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W. Hollywood Vote : Lines Drawn Clearly in Council Race

August 14, 1986|STEPHEN BRAUN | Times Staff Writer

A veteran tenant organizer and a well-financed gay businessman will oppose each other in West Hollywood's third City Council election since the city incorporated 2 1/2 years ago.

Three candidates filed last week for the Nov. 4 special election to fill the vacated council seat of Valerie Terrigno, who left her post in May after she was convicted and sentenced on federal embezzlement charges.

The candidates make up the smallest field to run in a West Hollywood election. In the 1984 incorporation campaign, 40 candidates were on the ballot. Last April, when the city reelected three council incumbents, 10 candidates ran.

Distinct Choice

For the first time, political observers said, West Hollywood voters will have a distinct choice between two formidable candidates, Abbe Land and Gene La Pietra. A third candidate, Stephen D. Michael, also filed.

The outcome will determine whether the Coalition for Economic Survival (CES), an influential tenant organization, will win a third seat on the council, or a candidate more predisposed to the city's business community will be elected.

"In order to make this a meaningful race, it was in everyone's interest to have only two major candidates," said Peter Freed, the chairman of West Hollywood for Good Government, a pro-business political group that has opposed the tenant coalition in the past.

Visible Figure

Land, 30, an artist's representative with a personal management firm, is a co-chairwoman of the tenant coalition and heads West Hollywood's Planning Commission. She has been a highly visible figure in the community since the city's formation in November, 1984.

La Pietra, 38, is a millionaire who owns the Circus Disco, a gay-oriented dance club in Hollywood, and several residential properties in Los Angeles. He has been deeply involved in gay rights causes and has acquired a reputation as an effective fund-raiser for Democratic Party politicians.

Michael, 30, the third candidate who filed last week, is a wholesale furniture dealer and Republican who ran unsuccessfully in last April's council race, winning 1.5% of the total vote. Although Michael might play a role if the race between Land and La Pietra is close, he is not expected to figure prominently in the campaign.

Although only three people filed, three other strong candidates had considered entering the race, bowing out only after some tense, last-minute machinations.

Repeated Meetings

At least four potential foes of the tenant organization attempted to build a political base for this election. They included La Pietra; Ruth Williams, a city rent stabilization commissioner who won 11% of the vote in the last council race; J. J. Kaplan, an aide to state Sen. David A. Roberti (D-Los Angeles), and Anthony Melia, the president of the West Hollywood Chamber of Commerce.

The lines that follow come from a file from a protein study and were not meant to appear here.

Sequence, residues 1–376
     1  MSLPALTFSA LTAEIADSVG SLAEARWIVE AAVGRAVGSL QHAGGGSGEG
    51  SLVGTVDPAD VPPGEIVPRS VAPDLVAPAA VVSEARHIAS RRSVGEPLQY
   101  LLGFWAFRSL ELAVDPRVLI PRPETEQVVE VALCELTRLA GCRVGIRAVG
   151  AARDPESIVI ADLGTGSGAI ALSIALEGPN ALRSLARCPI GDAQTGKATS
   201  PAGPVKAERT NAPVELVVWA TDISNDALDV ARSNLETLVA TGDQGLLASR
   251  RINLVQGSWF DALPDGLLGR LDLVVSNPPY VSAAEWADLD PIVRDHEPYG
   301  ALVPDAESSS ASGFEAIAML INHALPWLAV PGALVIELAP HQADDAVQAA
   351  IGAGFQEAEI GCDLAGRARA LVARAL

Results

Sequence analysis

The four and their allies met repeatedly over the summer, trying to hammer out an agreement that would ensure that only one candidate would file against the tenant coalition's candidate. "We came to the realization that if we all ran, we would divide up the vote too many ways and the CES candidate would win easily," Kaplan said.

Melia bowed out early, but the other three all took out nominating papers and were still considering entering the race as late as last week. But by that point, according to Williams, it had become apparent that La Pietra was the "consensus candidate."

"It was loud and clear," said Williams, who is now working with La Pietra's campaign effort. "He had enough financial resources on his own, plus most of the rest of the (city's) financial community was behind him. And he has tremendous political connections, not only in West Hollywood but also in the city and the state."

La Pietra said he has now unified all of the anti-CES elements in the city. "This is going to be a broad-based campaign with every part of the community represented," he said.

'No Other Choice'

La Pietra said he had even hoped to win a tenant coalition endorsement but was prohibited by its director, Larry Gross, from appearing before the organization's steering committee. "It shows the lack of democracy in CES," he said.

But Gross said the steering committee, which endorsed Land on Monday, three days after she filed, had no other choice. "Abbe is the co-chair of this organization," he said. "The steering committee is not going to turn away from one of our own leaders."

Land was not the only coalition leader considering the race. Douglas S. Routh, the other CES co-chair in West Hollywood, also took out papers late last week but did not file. Routh ran in the city's first election in 1984 and almost won a seat, trailing now-Mayor Stephen Schulte by 708 votes.

Routh said that, although it appeared obvious to him that Land was going to run, he wanted to play it safe. "I just wanted to have the papers in the event that Abbe might not file," he said. "I'm just a cautious person."

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